SCOTTSDALE, AZ - A north Scottsdale horsemanship school is doing extraordinary work helping those with disabilities learn to ride and take care of horses.
Now the program is inspiring even its youngest riders to give back to the community and lend a hand at the school.
Patrick Bonner, 15, has been riding horses for more than five years. He says he likes the movement of the horse because "it feels like I can walk."
Patrick has been in a wheelchair since he had a stroke at just nine months old.
"I feel independent because I ride more independently a lot," Bonner says of his love of riding.
When he's riding at Camelot Therapeutic Horsemanship the honor student feels like he can accomplish anything.
"I think it's amazing that disabled kids are able to do something that sometimes they aren't able to get the opportunity to have," Bonner says.
Camelot offers horsemanship courses and riding lessons to kids and adults with disabilities.
There's no charge for the services but Executive Director Mary Hadswell says that doesn't mean it's a free ride.
"Once they've mastered skills and a good base knowledge of horsemanship, they will in turn mentor incoming riders," Hadswell says.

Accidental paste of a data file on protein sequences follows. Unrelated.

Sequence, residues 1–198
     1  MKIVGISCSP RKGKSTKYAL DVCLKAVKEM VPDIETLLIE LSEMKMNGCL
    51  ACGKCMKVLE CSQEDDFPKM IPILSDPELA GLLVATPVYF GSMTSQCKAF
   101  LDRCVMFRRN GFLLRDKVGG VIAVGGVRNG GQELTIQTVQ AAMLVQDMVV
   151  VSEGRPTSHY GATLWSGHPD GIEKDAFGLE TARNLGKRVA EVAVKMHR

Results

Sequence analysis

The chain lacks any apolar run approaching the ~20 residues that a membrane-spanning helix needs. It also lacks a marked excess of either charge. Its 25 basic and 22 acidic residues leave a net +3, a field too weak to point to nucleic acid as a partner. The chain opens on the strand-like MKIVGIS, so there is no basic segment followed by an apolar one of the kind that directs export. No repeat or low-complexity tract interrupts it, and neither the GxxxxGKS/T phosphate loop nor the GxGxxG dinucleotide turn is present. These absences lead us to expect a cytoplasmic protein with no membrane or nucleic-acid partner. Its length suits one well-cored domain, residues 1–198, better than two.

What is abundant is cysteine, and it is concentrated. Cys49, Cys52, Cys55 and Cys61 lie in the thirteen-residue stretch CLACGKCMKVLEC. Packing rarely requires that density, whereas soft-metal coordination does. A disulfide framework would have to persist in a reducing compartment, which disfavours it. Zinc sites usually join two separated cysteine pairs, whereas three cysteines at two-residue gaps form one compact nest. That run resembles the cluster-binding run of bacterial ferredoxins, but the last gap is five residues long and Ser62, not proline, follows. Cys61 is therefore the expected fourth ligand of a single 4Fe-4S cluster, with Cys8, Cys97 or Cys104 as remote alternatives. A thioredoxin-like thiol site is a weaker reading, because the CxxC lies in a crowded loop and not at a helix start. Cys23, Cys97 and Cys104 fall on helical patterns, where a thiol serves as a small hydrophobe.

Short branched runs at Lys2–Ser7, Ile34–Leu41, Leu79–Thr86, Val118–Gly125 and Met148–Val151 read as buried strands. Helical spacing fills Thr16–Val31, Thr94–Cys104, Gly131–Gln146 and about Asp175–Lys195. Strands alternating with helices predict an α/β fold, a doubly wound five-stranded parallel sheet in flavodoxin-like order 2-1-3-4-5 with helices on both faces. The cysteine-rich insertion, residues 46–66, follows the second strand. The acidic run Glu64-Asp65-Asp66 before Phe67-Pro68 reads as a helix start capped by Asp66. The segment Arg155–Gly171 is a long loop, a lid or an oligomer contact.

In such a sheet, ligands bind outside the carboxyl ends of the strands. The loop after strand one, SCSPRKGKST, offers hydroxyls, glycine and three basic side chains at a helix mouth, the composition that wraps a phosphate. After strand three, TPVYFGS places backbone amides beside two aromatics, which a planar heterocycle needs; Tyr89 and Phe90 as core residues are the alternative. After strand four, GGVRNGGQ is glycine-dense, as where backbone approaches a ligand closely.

Patrick is now mentoring 11-year-old Jesse Franklin and the two have formed a close bond.
Patrick said, "I felt nervous when I first came here and I think he does. He might feel nervous too, but if he has someone like me to help him out he might feel a little bit better."
That level of understanding and giving back is exactly what Hadswell hopes the students take away from their lessons.
"When student becomes teacher that might be an opportunity for someone who has a visual impairment to be mentored by an adult with a visual impairment and that might be the first time that young rider says 'wow, that's someone who has done something with his life and I want to be just like them," Hadswell says.
Patrick hopes to own his own horse one day and to continue to ride.
For more information on the school visit www.camelotaz.org .